Posted: March 29th, 2011 | Author: Tyler Dukes | Filed under: journalism | Tags: free press, General Assembly, ncga, News & Record, North Carolina | View Comments
Press corps represent!
Looks like a North Carolina House of Representatives official got a little uppity today with seasoned News & Record political reporter Mark Binker. A member of the sergeant at arms’ staff had the courtesy to provide Binker with an armed escort straight out of the room Tuesday after the reporter refused to sign in.
As Binker points out in his post, there’s no law that says he, or any member of the public, has to sign in at all.
He was only kept out of the room for about 10 minutes and the sergeant at arms apologized, but Binker denounced the “thuggish behavior” not on the basis that it harmed his ability to report, but because of the potential repercussions on the public’s right to transparency in government.
Residents of this state should feel that they can come and watch their government in action without being coerced to sign in. What if some little old lady from the hinter lands wanted to come and hear about a bill that might affect her, but didn’t want to subject her name to the public record?
Hopefully this will turn into a teachable moment for the staffers at the General Assembly, which should understand their responsibility to the public they serve. But just in case, I’ll keep the T-shirt screen printer at the ready.
Posted: June 25th, 2009 | Author: Tyler Dukes | Filed under: journalism | Tags: media business, News & Record, North Carolina, pay wall, revenue, social media, twitter | View Comments
As a follow up to Tuesday’s post, I contacted John Robinson, editor of the Greensboro News & Record, to get his thoughts on the fact that 75 percent of the N.C. Press Association‘s newsroom leaders are at least thinking about charging for online content.
Robinson has fully embraced social media. He sports about 800 followers on Twitter and frequently uses the microblogging service to create a dialogue with his community as well as fellow journalists. I figured that makes his opinions particularly salient, since I feel like its social media that will be impacted by a news organization’s decision to placed their content behind a pay wall.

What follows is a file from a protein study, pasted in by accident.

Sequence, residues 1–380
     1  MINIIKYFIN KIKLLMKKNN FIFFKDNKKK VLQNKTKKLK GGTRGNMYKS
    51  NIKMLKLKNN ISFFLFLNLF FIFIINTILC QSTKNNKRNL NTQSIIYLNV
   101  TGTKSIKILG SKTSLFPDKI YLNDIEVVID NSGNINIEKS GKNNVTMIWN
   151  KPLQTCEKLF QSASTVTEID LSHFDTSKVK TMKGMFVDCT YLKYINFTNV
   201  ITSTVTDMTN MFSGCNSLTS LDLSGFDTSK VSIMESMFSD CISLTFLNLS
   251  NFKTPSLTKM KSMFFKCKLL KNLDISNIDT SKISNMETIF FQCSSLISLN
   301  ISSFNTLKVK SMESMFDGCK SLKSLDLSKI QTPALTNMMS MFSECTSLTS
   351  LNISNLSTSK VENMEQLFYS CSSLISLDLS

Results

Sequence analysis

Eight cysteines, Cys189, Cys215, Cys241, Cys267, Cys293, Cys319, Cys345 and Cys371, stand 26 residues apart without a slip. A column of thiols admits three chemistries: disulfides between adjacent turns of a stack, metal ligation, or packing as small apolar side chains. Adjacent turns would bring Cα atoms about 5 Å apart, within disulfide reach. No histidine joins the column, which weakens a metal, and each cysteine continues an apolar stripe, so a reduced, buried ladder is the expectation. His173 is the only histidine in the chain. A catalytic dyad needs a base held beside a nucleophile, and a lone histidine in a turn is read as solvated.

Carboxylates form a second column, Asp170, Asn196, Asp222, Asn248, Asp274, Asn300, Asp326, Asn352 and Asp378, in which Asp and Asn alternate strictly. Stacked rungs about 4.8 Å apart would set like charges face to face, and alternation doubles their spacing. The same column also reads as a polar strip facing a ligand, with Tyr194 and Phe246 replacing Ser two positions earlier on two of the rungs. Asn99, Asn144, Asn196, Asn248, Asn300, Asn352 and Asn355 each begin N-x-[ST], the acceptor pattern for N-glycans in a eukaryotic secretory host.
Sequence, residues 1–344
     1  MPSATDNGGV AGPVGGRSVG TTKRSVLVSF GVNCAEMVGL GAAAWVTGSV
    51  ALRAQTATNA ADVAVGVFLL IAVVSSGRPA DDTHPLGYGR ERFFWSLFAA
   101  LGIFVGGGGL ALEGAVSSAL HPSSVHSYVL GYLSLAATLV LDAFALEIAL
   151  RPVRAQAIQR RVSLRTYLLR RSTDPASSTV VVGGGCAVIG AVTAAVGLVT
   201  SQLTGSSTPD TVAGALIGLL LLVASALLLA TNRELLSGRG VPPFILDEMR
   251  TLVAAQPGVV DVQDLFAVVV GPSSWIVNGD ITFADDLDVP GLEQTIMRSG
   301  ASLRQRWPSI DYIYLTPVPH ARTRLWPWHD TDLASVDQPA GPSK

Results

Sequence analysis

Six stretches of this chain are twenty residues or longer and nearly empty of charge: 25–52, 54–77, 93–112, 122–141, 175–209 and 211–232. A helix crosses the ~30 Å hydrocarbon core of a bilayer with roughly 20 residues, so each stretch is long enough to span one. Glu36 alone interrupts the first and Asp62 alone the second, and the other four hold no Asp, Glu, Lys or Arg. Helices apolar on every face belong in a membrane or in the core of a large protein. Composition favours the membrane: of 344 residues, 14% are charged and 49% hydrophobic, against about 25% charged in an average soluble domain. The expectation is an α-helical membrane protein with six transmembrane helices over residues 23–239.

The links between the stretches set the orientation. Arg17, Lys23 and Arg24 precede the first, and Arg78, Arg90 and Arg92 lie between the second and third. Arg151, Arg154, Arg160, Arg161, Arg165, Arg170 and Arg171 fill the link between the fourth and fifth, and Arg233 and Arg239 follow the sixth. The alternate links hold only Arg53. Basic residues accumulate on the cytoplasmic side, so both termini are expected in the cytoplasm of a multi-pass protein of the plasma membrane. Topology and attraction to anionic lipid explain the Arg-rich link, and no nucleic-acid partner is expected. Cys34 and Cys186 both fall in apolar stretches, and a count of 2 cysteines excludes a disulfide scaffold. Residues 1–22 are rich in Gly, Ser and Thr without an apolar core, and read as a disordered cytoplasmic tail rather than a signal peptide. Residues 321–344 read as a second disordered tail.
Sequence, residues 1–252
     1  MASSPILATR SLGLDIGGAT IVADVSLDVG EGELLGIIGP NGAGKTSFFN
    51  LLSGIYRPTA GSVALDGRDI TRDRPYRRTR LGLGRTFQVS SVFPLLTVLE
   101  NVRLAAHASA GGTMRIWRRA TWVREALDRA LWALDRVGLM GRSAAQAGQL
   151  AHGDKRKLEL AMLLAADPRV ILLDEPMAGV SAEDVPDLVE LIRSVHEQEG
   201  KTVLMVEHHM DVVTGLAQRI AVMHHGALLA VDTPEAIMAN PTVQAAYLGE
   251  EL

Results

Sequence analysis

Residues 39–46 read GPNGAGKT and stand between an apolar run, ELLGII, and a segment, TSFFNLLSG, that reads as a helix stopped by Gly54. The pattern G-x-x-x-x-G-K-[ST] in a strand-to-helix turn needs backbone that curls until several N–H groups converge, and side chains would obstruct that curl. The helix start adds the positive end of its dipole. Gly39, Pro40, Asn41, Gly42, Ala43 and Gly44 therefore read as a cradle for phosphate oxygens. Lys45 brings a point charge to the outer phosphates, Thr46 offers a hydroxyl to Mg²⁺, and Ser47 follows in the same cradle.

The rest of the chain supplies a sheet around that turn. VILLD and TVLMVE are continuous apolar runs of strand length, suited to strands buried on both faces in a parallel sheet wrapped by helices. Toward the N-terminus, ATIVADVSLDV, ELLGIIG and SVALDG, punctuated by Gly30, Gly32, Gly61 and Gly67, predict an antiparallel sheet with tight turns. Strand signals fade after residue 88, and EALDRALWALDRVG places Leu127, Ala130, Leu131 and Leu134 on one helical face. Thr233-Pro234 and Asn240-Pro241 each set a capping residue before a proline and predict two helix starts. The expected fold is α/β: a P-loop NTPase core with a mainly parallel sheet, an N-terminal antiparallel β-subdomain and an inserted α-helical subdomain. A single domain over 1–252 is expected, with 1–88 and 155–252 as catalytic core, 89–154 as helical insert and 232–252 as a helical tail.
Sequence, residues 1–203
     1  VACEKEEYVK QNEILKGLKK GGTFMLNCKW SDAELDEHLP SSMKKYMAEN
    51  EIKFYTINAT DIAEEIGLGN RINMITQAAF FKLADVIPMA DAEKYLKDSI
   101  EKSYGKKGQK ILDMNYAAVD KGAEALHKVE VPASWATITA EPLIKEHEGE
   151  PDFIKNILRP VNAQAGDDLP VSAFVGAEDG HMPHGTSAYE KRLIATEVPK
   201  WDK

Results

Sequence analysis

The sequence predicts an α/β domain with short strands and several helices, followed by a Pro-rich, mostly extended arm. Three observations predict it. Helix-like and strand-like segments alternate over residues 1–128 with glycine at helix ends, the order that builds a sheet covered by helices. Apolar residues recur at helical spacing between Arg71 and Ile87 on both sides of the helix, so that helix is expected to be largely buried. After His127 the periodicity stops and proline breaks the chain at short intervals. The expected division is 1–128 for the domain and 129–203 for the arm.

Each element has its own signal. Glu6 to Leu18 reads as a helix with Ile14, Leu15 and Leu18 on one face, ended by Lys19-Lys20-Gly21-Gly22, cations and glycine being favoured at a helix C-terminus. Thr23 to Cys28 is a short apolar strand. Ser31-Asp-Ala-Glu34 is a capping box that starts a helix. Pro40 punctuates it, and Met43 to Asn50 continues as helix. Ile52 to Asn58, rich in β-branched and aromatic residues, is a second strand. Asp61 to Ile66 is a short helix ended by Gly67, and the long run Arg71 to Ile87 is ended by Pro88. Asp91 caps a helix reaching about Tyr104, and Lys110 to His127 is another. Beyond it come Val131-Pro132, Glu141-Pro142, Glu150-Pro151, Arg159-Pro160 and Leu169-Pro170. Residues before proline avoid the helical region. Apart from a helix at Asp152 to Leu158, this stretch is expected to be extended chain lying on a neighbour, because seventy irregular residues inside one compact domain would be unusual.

Robinson agreed to answer a few questions via e-mail about his perception of pay walls and the future of online content for the News & Record. Read the rest of this entry »
Posted: May 28th, 2009 | Author: Tyler Dukes | Filed under: journalism | Tags: hyperlocal journalism, News & Record, social media, twitter | View Comments
Photo by Ali A under Creative Commons license
I’m going to follow up Wednesday’s gushing over Greensboro News & Record Editor John Robinson with a little more gushing.
The News & Record was one of the few papers in the country that decided not run Sonia Sotomayor’s nomination to the Supreme Court on the front page.
That was for a few reasons. First, the story broke as most people were fishing their papers out of the puddles in their front lawns Tuesday (seriously, it was rainy that day). By the time the N&R staff began, it was old news. Second, the staff had no unique angle — Robinson’s conclusion was that his paper had nothing to add.
That decision was an admirable one — a refusal to replicate what’s being said over and over again in most papers and cable news channels and a conscious choice to use that valuable real estate for unique local stories no one else had.
But recognizing the controversy, Robinson asked via Twitter whether his decision was the right one, then published the resulting conversation. Read the rest of this entry »
Posted: May 27th, 2009 | Author: Tyler Dukes | Filed under: journalism | Tags: change, exclusivity, media business, News & Record, social media, The Wall Street Journal, twitter | View Comments
I don’t know why, but news people seem to be largely afraid of change.
You sort of expect it at larger news organizations, where experienced newsroom leaders are set in their ways and a lot of money has been invested in the infrastructure of the existing business model. But I also saw it occasionally in college newspapers, where young staffers were often reluctant to do things differently.
An anomaly though it is, especially at a time when news organizations need to be bold to stay alive, you see perfect case studies whenever new technology enters the mix.
Most recently, of course, it’s Twitter, that oh-so-trendy microblogging service with an exponential growth rate, an usually high bounce rate and enough hype to pique the interest of Oprah herself (and apparently the cute puppy in her profile picture).
After being mostly scorned at first by management, individual journalists began realizing the true potential that Twitter could provide for their work, and they began to pick it up.
Then came the rules. Read the rest of this entry »